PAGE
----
Ferdinand Hiller was born to a wealthy Jewish family in Frankfurt am Main, where his father Justus (originally Isaac Hildesheim) was a merchant in English textiles – a business eventually continued by Ferdinand’s brother Joseph. Hiller’s talent was discovered early and he was taught by the leading Frankfurt musician Alois Schmitt; at 10 he performed a Mozart concerto in public.
In 1822 the 13-year old Felix Mendelssohn entered his life. The Mendelssohn family was at that time staying briefly in Frankfurt and the young Hiller visited them where he was immensely impressed by the playing of Felix, (and even more so by that of his sister Fanny Mendelssohn). When their acquaintance was renewed in 1825 the two boys found an immediate close friendship, which was to last until 1843. Hiller tactfully describes their demarche as arising from “social, and not from personal susceptibilities.” But in fact it seems to have been more to do with Hiller’s succession to Mendelssohn as director of the Leipzig Gewandhaus Orchestra in 1843.
From 1825 to 1827 Hiller was a pupil of Johann Nepomuk Hummel in Weimar; while he was with Hummel at Beethoven’s deathbed, Hiller secured a lock of Beethoven’s hair. This lock is now at the San Jose State University, after having been sold at Sotheby’s in 1994.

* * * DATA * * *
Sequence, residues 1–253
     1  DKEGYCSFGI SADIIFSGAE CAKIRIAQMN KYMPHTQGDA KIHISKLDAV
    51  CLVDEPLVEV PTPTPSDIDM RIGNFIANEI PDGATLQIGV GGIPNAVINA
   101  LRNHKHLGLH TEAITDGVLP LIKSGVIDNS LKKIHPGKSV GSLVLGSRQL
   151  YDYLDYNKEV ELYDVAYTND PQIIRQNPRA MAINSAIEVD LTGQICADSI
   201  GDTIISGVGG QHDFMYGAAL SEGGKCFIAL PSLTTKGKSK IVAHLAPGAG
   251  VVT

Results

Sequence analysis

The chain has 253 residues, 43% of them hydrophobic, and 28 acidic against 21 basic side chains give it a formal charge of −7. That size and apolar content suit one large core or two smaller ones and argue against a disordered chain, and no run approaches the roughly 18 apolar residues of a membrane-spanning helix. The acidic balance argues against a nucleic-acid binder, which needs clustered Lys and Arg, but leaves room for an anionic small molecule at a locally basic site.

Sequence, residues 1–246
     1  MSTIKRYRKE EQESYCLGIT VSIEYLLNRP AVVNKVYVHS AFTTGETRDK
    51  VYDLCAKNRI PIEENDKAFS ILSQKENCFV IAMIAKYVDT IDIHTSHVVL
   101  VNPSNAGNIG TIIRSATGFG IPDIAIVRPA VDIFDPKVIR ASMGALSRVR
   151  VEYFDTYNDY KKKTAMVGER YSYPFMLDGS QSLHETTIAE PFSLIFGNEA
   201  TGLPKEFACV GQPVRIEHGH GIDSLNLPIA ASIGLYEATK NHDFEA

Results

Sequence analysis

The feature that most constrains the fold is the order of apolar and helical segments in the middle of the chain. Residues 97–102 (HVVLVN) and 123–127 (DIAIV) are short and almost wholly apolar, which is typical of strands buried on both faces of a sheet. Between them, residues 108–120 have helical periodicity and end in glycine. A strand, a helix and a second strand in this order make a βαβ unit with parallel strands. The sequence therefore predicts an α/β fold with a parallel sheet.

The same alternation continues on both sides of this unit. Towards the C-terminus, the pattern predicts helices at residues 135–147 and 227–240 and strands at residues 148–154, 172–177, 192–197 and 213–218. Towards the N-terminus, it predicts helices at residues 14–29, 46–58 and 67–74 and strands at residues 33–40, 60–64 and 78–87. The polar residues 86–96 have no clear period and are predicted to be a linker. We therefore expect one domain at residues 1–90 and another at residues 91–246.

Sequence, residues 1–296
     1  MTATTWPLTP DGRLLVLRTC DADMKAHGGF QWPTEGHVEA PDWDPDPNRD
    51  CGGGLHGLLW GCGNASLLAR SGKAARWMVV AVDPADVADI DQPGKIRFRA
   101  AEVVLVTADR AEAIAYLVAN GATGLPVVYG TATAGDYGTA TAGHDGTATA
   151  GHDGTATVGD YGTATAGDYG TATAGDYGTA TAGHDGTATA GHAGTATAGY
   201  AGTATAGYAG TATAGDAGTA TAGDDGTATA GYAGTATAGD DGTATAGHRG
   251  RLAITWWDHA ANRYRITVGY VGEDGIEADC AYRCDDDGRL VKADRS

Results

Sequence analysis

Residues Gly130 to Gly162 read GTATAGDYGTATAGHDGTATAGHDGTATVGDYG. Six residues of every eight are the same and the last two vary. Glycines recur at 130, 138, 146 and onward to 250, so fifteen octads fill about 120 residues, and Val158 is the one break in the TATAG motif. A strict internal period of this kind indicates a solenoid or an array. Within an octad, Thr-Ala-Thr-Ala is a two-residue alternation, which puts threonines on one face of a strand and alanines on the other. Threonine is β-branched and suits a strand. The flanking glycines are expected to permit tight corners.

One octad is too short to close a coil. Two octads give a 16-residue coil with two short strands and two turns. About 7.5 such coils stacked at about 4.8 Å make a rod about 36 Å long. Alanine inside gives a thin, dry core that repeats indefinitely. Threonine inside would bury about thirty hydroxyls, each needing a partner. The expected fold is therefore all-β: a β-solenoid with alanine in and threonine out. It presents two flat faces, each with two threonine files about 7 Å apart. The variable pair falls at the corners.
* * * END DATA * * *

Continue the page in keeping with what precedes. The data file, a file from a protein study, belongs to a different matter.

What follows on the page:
From 1828 to 1835 Hiller based himself in Paris, and after that spent time in Italy, hoping that this would assist him to write a successful opera (a hope which was never fulfilled). Nevertheless a succession of musical appointments in major German provincial centres — Leipzig, Düsseldorf, Dresden and eventually Cologne, where he founded Conservatorium der Musik in Coeln in 1850 and remained as Kapellmeister from 1850 to 1884 — meant that he played a leading part in the country’s musical life.
During Hiller’s long reign in Cologne, which earned him a ‘von’ to precede his surname, his star pupil was Max Bruch, the composer of the cello elegy Kol Nidrei, based on the synagogue hymn sung at Yom Kippur. Bruch incidentally was of solid German descent, although he has often been claimed as Jewish; his knowledge of the theme of Kol Nidrei however came through Hiller, who introduced him to the Berlin chazan, Lichtenstein. Hiller’s regime at Cologne was strongly marked by his conservative tastes, which he attempted to prolong by recommending, as his successor in 1884, either Brahms or Bruch. The appointment went however to a “modernist”, Franz Wüllner, who, according to Grove “initiated his term […] with concerts of works by Wagner, Liszt and Richard Strauss, all of whom Hiller had avoided.”
Edited by Vasilievich on 13 Sep 2008, 17:29
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